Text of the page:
The Los Angeles Kings have decided to make their post-season push with two dependable veteran goalies sharing the crease.
Los Angeles acquired Ben Bishop from the Tampa Bay Lightning on Sunday in a trade including goalie Peter Budaj and an exchange of draft picks.
The Kings will pair Bishop with Jonathan Quick in a formidable tandem down the stretch as they attempt to make the playoffs for the seventh time in eight years. Los Angeles (30-27-4) began the day three points behind St. Louis for the second wild-card berth in the Western Conference.
Quick returned only Saturday from a 59-game absence with a serious groin injury, and general manager Dean Lombardi didn't want to overwork his two-time Stanley Cup champion goalie during a difficult March schedule.
"This is not an insurance policy," Lombardi said. "It is a way that we think to make sure that Jon is broken in properly, and make sure we're in position to win every game down the stretch. Let's face it, there's not a lot of room for error ... and we want to make sure we have a No. 1 goalie in there every night."
The Kings gave up Budaj, who filled in admirably as their starter during Quick's 4 1/2-month absence, along with junior defenceman Erik Cernak. Tampa Bay also got a 2017 seventh-round pick and another conditional pick that could become a second-round selection, but only if extraordinary conditions are met.
Los Angeles received Bishop and Tampa Bay's 2017 fifth-round pick. Bishop is an unrestricted free agent this summer.
Tampa Bay retains 20 percent of Bishop salary/cap hit— @Real_ESPNLeBrun
Both teams are scrapping to get into playoff position over the next six weeks. The Lightning (27-25-8) are seven points back of a playoff spot, while the veteran-laden Kings are determined to avoid a third straight year without a playoff series victory since winning the 2014 championship.
Quick has been their starter when healthy since December 2008, but the Kings are wary of endangering the long-term health of a goalie under contract until 2023. Los Angeles visits the Minnesota Wild on Monday night to begin a stretch of 15 games in 31 days, including four back-to-back sets.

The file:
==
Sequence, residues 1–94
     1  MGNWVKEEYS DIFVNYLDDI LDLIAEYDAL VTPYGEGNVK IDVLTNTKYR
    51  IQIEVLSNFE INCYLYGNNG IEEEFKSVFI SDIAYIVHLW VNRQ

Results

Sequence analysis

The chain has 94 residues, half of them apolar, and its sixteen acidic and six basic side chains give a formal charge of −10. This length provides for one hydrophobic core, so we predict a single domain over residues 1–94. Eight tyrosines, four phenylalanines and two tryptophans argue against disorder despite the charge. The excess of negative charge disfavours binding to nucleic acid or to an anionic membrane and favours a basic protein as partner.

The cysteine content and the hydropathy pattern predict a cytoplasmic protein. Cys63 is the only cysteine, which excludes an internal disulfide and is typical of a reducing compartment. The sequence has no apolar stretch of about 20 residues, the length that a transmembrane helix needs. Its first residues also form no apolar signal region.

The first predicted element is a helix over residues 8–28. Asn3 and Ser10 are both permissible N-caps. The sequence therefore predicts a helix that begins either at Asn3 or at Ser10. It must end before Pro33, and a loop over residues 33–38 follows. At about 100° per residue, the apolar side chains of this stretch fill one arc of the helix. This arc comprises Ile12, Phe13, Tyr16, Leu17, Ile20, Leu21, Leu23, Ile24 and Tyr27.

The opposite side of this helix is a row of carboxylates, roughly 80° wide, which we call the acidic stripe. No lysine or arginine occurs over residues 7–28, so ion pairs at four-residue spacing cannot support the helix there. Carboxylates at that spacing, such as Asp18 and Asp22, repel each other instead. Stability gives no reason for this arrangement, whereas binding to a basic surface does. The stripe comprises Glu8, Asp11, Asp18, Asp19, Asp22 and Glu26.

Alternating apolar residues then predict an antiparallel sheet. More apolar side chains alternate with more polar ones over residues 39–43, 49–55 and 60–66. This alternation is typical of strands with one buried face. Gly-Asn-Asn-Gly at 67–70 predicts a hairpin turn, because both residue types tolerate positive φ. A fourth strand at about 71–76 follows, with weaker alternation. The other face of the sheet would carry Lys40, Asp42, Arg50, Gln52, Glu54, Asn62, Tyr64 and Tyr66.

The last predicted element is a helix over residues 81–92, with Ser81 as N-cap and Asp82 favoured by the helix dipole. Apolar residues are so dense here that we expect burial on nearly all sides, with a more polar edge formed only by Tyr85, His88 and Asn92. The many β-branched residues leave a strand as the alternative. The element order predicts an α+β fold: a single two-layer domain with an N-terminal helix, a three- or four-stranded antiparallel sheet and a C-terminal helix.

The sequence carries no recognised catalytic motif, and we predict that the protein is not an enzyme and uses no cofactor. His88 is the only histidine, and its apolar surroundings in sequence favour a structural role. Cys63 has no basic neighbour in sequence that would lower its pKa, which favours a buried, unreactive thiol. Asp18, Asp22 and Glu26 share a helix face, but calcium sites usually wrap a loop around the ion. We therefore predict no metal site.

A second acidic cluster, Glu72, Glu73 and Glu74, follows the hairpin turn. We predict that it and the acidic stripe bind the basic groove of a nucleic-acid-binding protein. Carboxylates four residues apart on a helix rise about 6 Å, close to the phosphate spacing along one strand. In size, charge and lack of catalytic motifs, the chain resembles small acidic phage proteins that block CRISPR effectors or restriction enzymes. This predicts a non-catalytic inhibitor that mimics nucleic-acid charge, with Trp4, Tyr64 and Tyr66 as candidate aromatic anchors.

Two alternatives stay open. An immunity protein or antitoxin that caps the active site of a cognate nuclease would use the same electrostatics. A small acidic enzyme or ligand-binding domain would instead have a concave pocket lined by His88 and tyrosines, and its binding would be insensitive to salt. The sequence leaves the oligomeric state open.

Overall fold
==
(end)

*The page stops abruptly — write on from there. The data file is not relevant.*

"When you've been out this long, [to] think that you're going to ride this like in the past when we [would play] Jon 70 games, I think that's totally impractical," Lombardi said. "I don't think it's the best way to break in a guy. I think the days of playing Jon Quick 70 games, like we did two years ago, make no sense."
The deal also was surprising after Budaj's unlikely success with the Kings this season. The veteran Slovak netminder filled in splendidly after Quick got hurt in the first period of Los Angeles' season opener, going 27-20-3 with a 2.12 goals-against average and a .917 save percentage.
But Budaj, who spent the previous two seasons in the AHL, gave up 19 goals during a rough five-game stretch earlier this month, including a 5-0 loss at Tampa Bay in which Bishop recorded the shutout. Budaj returned to a backup role Saturday while Quick backstopped the Kings to a 4-1 victory over Anaheim.
"Peter did a good job for us," Lombardi said. "Stopped what you're supposed to stop. He put up some pretty good numbers, but if you're looking at some of the things I saw in the last couple of weeks, probably the aim was to make sure we had a quote-unquote No. 1 in there every night."
Lombardi said the Kings are trying to get Bishop to Minnesota in time for Monday's game.
Ben Bishop trade will help Bolts absorbed Drouin, Vasilevkiy and Point bonuses this season instead of counting on their cap for next season.— @renlavoietva
Bishop's departure from Tampa Bay is just the latest upheaval in a tough season for the talent-loaded Lightning, who lost captain Steven Stamkos to knee surgery in mid-November. Stamkos is skating and doing hockey drills, but the team hasn't said whether he'll attempt to return this season.
After a slow start to his NHL career in St. Louis and Ottawa, the 6-foot-7 Bishop has been an above-average starter for the past four seasons in Tampa Bay. He backstopped the Lightning to the 2015 Stanley Cup Final, where they lost to Chicago.
But Andrei Vasilevskiy has been the Lightning's goalie of the future for the past several seasons, and the 22-year-old Russian is expected to be protected by Tampa Bay in the expansion draft.
Bishop is 16-12-3 with a 2.55 GAA and a .911 save percentage this season, while Vasilevskiy is 11-13-5 with a 2.81 GAA.
Lombardi was the general manager of the U.S. team last season at the World Cup of Hockey, and the Missouri-raised Bishop was on his roster.